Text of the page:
On September 16-18 2013, The University of Warwick hosted the Globalisation and American Grand Strategy in a Time of Austerity Conference organized by Oz Hassan, who runs this blogs Transatlantic Interests Project. Over the three days the conference had 120 delegates from around the world, making it the largest US foreign policy focused conference in Europe. The conference was funded by the University of Warwick’s Institute for Advanced Studies, Warwick’s Politics and International Studies department, the US Embassy London, the ESRC, the Institute for the Study of the Americas, and BISA.
It began with an exclusive early career day where a number of high profile international guests exchanged feedback with MA, PhD and Post-Doctoral members about their work. This was followed by a master-class on US policymaking and the creation of the national economic council, delivered by Robert F. Wescott. Dr Wescott is the founder and President of Keybridge Research LLC in Washington D.C. From 1993-94 he was Chief Economist at the President’s Council of Economic Advisors, and from 1999-2001 he served as Special Assistant to the U.S. President for Economic Policy at the White House. As senior economic advisor to President Clinton, he helped to develop the Administration’s policies towards the G-7, other key emerging markets, and the international financial system.
The following day began with discussions about American Leadership, dealing with nuclear proliferation, the European relationship, issues of American exceptionalism, and the looming crisis in Syria. This was followed by discussions over whether America was in decline, and how this related to China’s rise. Evident from the panel was a sense that America should not be written off yet, and China is a potential super power, but isn’t there yet. The following roundtable picked up on these issues discussing the nature of globalization and American power. What became clear is that, unlike over the last five years, the prospects of America’s decline on the international stage are fading. It was agreed that America is less likely to want to act in the future, because of a wide range of issues, but America’s economic and military power is far from fading.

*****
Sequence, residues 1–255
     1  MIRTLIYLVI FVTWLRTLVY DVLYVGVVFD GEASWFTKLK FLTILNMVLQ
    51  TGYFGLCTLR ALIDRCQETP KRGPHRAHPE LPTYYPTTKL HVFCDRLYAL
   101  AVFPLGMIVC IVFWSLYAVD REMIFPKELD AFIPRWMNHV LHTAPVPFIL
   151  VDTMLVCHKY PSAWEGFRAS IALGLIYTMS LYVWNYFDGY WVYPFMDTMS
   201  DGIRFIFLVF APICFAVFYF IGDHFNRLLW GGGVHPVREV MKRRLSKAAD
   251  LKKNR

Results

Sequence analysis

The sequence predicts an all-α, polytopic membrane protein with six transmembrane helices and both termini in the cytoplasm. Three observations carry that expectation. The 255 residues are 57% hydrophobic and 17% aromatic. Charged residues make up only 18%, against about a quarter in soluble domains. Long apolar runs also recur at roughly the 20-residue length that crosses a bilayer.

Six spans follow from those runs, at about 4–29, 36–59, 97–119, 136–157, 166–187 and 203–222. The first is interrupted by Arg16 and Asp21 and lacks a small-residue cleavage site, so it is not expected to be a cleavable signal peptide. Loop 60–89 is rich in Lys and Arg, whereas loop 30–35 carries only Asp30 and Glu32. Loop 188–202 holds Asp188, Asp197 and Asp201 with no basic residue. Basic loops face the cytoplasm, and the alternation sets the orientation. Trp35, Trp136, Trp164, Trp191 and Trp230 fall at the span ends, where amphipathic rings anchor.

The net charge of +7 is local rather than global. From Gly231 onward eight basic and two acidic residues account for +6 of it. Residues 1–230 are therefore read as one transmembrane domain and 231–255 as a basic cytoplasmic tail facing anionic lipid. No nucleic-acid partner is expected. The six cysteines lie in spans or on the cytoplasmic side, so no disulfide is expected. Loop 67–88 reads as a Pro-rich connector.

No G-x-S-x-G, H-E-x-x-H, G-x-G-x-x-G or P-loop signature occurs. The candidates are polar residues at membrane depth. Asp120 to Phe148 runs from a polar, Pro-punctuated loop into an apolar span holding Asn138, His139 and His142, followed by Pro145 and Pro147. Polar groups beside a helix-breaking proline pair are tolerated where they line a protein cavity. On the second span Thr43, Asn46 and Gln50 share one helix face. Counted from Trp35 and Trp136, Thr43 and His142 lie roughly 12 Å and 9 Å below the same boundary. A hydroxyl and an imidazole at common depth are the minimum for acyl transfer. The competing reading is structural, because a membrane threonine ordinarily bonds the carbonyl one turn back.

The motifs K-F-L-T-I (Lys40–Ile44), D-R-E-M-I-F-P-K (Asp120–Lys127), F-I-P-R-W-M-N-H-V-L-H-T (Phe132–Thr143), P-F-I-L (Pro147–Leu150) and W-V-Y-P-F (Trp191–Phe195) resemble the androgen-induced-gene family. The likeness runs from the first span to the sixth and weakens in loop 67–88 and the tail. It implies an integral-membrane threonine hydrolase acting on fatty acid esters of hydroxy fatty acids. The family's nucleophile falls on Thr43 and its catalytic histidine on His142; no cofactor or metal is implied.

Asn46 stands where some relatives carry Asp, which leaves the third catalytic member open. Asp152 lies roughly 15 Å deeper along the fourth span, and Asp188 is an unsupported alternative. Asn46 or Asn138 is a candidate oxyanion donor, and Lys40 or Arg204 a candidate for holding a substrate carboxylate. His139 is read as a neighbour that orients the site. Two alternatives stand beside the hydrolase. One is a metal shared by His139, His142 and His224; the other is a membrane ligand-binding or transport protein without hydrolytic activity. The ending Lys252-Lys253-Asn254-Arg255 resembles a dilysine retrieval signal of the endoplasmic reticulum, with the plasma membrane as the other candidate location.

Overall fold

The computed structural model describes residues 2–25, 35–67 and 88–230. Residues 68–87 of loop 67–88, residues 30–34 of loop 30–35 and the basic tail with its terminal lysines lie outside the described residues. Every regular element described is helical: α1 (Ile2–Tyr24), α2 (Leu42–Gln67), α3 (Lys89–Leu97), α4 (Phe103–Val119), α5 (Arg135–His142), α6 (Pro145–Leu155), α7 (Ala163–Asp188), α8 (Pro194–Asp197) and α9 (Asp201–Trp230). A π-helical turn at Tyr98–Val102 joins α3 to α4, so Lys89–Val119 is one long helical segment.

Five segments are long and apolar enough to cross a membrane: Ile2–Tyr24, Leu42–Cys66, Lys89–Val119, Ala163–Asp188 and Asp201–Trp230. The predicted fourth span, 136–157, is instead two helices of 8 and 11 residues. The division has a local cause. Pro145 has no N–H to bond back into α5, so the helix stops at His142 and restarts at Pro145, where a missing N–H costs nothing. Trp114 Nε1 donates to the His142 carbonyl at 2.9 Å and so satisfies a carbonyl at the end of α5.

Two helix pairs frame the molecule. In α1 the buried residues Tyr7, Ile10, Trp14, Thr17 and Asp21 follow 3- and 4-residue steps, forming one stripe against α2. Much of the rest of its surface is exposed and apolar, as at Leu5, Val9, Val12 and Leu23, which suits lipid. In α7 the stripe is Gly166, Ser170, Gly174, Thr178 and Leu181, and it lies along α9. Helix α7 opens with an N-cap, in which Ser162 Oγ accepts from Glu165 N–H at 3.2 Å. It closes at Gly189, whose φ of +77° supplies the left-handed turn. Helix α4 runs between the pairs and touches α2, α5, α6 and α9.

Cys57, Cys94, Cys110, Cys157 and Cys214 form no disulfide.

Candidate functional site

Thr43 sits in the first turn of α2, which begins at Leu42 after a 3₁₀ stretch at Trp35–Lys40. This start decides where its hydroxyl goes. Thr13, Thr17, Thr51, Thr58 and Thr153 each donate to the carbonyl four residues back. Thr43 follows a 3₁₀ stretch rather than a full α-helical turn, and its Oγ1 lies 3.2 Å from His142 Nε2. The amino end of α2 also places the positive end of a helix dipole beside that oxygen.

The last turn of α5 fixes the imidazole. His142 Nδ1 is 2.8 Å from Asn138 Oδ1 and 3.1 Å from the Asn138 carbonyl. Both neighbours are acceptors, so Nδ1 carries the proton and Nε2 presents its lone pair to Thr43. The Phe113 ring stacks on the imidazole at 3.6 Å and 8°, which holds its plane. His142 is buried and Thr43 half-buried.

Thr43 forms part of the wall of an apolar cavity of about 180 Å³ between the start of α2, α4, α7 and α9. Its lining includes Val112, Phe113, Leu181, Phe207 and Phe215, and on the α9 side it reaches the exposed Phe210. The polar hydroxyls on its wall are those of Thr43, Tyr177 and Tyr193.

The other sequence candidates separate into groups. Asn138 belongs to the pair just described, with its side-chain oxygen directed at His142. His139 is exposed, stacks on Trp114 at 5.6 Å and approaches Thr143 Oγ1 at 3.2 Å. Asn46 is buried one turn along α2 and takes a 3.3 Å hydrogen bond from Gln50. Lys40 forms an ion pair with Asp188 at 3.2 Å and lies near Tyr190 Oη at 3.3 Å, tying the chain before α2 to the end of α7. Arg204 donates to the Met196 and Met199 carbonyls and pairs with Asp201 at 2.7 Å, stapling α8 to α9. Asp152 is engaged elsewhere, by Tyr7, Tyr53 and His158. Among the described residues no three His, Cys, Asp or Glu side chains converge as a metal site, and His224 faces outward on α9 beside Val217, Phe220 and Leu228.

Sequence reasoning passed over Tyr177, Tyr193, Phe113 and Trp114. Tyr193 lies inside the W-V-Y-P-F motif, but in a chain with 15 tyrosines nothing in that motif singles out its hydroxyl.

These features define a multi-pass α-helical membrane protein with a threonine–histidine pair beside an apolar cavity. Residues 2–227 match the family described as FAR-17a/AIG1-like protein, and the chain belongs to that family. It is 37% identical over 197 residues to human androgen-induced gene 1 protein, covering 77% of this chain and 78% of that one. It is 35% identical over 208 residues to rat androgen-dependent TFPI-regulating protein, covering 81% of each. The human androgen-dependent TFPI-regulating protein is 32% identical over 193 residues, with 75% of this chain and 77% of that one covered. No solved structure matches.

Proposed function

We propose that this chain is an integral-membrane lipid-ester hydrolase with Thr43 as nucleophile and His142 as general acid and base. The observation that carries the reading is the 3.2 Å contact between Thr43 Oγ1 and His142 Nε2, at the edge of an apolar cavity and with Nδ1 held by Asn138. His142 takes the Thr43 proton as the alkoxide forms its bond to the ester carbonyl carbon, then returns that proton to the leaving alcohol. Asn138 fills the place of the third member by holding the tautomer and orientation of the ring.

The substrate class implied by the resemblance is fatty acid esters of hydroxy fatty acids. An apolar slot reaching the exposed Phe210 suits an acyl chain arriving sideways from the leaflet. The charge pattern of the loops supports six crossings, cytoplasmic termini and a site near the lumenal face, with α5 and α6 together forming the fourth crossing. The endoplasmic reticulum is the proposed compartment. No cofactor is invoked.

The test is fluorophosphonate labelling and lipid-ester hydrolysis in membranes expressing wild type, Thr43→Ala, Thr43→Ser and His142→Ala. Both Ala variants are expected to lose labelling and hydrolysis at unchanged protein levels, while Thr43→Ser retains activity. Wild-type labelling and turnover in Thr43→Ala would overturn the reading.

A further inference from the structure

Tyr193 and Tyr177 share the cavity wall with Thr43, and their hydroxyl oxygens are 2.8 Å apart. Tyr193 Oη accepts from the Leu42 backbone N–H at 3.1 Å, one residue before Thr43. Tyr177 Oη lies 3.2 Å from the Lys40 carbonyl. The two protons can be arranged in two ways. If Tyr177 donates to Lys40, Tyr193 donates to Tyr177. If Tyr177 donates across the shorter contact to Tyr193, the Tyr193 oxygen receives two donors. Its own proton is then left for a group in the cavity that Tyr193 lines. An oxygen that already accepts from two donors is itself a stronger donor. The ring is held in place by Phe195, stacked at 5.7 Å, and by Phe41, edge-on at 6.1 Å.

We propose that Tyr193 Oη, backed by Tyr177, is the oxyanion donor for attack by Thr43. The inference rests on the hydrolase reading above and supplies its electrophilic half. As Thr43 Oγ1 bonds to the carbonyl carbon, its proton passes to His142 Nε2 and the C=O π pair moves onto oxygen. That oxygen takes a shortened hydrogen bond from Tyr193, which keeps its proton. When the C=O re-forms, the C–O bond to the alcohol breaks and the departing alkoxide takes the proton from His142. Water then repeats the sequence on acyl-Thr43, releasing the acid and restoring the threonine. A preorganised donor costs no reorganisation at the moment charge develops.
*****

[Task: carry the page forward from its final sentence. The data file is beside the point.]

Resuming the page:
Ambassador John D. Negroponte then picked up these factors in his keynote speech, introduced by the Vice Chancellor Nigel Thrift. Ambassador Negroponte has been US ambassador to Honduras, Mexico, the Philippines, the United Nations and Iraq. He has served twice on the National Security Council staff, first as director for Vietnam in the Nixon Administration and then as deputy national security advisor under President Reagan. He has also held a cabinet level position as the first director of national intelligence under President George W. Bush. His most recent position in government was as deputy secretary of state, where he served as the State Department’s chief operating officer. In 2009 he began a part-time position at Yale University, as a distinguished senior research fellow in grand strategy and lecturer in international affairs. The ambassador provided a highly stimulating discussion and an invigorating question and answer session. He talked about how President Bush was miss sold intelligence that led to the Iraq War (which he believe Bush now regrets), and how the Bush administration believed oil was important – much more so than it actually is. If there was a slow intelligence day, then intelligence reports on oil would be given to VP Cheney to keep his office interested. In what was an open and candid talk, there were a lot of reveals about the way the intelligence community now works, and about the last few decades of American Foreign Policy. The evening was topped off by a speech by Liz Dibble the Deputy Chief of Mission at the US Embassy in London. Delivering her speech in the Great Hall at Warwick Castle, she reminded the audience of the special relationship between the US and the UK, and the dangers that remain in the world – what’s more she was kind enough to go beyond the “standardised version” of such a speech and give real detail about the future of US policy.